"They're easy to start. It doesn't cost money," geriatric social worker Carin Mack said of her experience initiating the growth of Alzheimer's Cafe's in Seattle, Washington."One needs to find a good space in the community and work with a willing business owner to host the http://www.rickgenest.com/cheapest-viagra-online cafe. Each cafe is different and cialis levitra it is a good idea to visit one or two before you set one up," she explained. "You need someone willing to do the publicity, a person who will be there for continuity and a couple of volunteers." Mack started the first Alzheimer's Cafe in Seattle and partners with the Washington Health Foundation on a regional platform for the development of cafes.
"It’s a slow process," Dr Lukvig said referring to the work of cultivating a cafe community. The same can be said, however, for the process of educating ourselves and lifting awareness about Alzheimer's and dementias. Because there are stages to the disease there's often time for people living with Alzheimer's to take leadership helping us understand and modeling courage, acceptance, and resilience. Their caregivers often turn to the Internet for resources and blog about their challenges and rewards sharing moving stories of viagra medication Alzheimers care with a wondering world. The media, for it's part in Alzheimer's education, ebbs and flows as is evident in this list of mainstream media profiling Alzheimer's 1981-2013. Focus spiked in 2009 and 2010 then quieted again last year. In 2012, for the first time, President Obama launched a National Alzheimer's Plan, with ambitious goals to prevent and cheap cialis online no prescription treat Alzheimer's by 2025. While the nation waits for that success the plan directs much needed money toward research, caregiver support, and national education and awareness programs.
Our understanding and ability to talk about Alzheimer's still needs growth but is constantly improving. We've come a long way from the beginning of this century when Maria Shriver, whose father had dementia, confessed the hush and stigma her family faced. Alzheimer's disease, its sorrows and demands, weigh heavily on this nation and its families. Healing and visibility is coming, slowly, one story at a time, one cafe at time, and one day at a time.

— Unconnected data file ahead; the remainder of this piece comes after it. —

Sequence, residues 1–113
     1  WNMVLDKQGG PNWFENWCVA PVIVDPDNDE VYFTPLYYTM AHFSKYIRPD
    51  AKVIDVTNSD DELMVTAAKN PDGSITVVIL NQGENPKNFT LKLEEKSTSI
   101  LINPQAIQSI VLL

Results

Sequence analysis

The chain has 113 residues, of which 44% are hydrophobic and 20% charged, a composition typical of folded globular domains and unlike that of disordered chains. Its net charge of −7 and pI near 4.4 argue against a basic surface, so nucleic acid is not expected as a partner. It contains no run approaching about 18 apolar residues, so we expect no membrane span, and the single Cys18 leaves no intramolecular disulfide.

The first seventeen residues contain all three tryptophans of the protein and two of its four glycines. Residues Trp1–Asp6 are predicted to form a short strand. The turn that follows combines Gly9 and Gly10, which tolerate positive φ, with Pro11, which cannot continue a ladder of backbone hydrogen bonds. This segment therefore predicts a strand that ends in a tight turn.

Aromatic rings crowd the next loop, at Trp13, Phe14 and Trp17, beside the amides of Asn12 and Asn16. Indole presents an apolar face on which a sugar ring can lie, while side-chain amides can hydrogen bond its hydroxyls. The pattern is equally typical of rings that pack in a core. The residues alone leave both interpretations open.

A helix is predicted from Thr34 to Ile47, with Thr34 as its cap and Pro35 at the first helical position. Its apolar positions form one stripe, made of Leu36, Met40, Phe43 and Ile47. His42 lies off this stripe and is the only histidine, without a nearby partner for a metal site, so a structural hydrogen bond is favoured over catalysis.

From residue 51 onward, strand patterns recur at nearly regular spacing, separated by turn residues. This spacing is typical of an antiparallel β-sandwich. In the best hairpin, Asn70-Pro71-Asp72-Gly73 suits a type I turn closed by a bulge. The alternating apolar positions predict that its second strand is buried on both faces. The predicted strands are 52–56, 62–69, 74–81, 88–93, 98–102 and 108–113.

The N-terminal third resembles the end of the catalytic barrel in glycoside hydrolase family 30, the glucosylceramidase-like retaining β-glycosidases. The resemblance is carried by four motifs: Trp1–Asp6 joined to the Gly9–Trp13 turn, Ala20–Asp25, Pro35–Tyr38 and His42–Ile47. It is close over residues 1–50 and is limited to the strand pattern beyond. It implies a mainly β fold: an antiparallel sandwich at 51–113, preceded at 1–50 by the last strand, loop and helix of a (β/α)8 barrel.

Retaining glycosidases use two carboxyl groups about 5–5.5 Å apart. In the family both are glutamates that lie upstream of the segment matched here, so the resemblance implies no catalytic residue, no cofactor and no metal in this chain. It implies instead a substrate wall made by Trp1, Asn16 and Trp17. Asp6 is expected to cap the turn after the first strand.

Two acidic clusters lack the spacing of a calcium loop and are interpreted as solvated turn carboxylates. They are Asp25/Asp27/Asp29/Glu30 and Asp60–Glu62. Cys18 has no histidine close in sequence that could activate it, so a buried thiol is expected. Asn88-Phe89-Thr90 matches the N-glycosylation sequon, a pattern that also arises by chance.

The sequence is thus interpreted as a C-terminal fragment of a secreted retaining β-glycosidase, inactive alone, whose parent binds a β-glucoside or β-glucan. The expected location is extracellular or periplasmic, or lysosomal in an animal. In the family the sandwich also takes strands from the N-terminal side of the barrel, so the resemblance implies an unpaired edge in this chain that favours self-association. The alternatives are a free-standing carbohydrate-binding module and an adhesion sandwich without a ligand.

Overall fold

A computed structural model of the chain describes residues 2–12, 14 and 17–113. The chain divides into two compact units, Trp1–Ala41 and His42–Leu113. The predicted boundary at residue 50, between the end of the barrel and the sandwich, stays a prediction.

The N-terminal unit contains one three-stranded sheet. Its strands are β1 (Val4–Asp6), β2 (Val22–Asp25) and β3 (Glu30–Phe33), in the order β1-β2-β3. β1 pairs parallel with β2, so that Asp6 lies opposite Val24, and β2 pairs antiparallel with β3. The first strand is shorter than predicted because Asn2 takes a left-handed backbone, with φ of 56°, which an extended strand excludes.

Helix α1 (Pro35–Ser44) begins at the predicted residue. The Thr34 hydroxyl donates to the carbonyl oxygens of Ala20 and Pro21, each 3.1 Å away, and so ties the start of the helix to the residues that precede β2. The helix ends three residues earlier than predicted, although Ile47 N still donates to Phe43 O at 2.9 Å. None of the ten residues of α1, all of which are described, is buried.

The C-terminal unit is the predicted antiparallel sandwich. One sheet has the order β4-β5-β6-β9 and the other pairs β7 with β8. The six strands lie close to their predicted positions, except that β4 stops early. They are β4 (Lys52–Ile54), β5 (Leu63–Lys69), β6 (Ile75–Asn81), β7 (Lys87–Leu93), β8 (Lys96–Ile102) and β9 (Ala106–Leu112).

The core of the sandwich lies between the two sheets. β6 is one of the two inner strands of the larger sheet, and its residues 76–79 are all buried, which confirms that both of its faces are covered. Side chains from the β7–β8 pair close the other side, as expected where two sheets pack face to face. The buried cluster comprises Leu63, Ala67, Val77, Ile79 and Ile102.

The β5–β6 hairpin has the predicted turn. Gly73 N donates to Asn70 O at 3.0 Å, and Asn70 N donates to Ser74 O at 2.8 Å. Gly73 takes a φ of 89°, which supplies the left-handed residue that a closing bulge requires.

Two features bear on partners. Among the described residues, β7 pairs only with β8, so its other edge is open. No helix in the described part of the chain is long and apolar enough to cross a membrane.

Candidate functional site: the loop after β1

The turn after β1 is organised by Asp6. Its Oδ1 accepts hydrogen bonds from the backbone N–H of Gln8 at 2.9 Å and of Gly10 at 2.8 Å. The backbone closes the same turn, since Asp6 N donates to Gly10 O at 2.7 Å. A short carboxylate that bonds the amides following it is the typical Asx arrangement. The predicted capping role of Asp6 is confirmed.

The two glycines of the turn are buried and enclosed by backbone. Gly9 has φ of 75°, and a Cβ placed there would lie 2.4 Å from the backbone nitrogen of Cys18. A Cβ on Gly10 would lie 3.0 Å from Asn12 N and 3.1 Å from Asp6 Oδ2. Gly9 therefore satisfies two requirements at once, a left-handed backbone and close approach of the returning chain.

Thanks to Dr Jytte Lokvig for generous time and guidance in producing this blog.Add a comment
2013: Year in Review
- Written by J.J.
We're fully into the 21st century now and, looking back at 2013, many of the year's hot topics feel like we're in a new century: the real possibility to end aging, global development of driverless cars, cloning human embryos, discovering more water on Mars, data mining surveillance revelations, gay marriages in many states, Google Glass on our streets, printable body parts being generated, widespread deployment of drone applications, the beginnings of legalized marijuana, the first mind controlled robotics and cambridgeacademyaz.com prosthetics, and, after 36 years of traveling, finally reaching intersteller space with the Voyager 1 probe!
Reaching the cheapest viagra prescription edge of the Milky Way may be the most exciting 2013 development in space though some would argue that seeing more signs of water on Mars or concluding that there are billions of can i buy viagra online other earth-like planets in our galaxy's "Goldilocks zones"exceeded that thrill. Breaking the barrier of our galaxy with the Voyager probe is a "goosebump" triumph that brings to mind 1969 and Neil Armstrong's"... giant leap for mankind." Though scientists now believe the probe broke free late last year it wasn't confirmed until recently since the data it was sending back was confusing because it was the first of its kind. "Voyager has boldly gone where no probe has gone before, marking one of the most significant technological achievements in the annals of the history of science and adding," said John Grunsfeld, NASA's associate administrator for science in Washington,"a new chapter in human scientific dreams and endeavors."
If space seems a little abstract to you, down here on earth discovery was no less amazing as breakthroughs in 3D printing, biomedical engineering, and CAD software cleared the way for printed body parts. "We have a whole bank of different noses and ears now," says industrial designer Tom Fripp, of Fripp Designs. Fripp is currently partnering with the UK's largest undergraduate University to print prosthetic eyes. That next breakthrough, nearly realizable, will use 3D printing to create organs and more advanced prosthetics at an affordable price. Great news for amputees came from the Center for Bionic Medicine who announced the click now buy viagra generic first mind controlled prosthetic which acts more like a natural limb. Add to all of canadian pharmacy online tramadol this 2013's sensational biomedical news in May of a successfully cloned human embryo and you may be wondering if Philip Dick's sci-fi Replicants can be far behind! The potential for misuse is always present but the goal with human cloning is to facilitate treatment for Alzheimers and a variety of illnesses with no cure today. "It's been a holy grail that we've been after for years," said Dr John Gearhart, a stem cell pioneer at the University of Pennsylvania.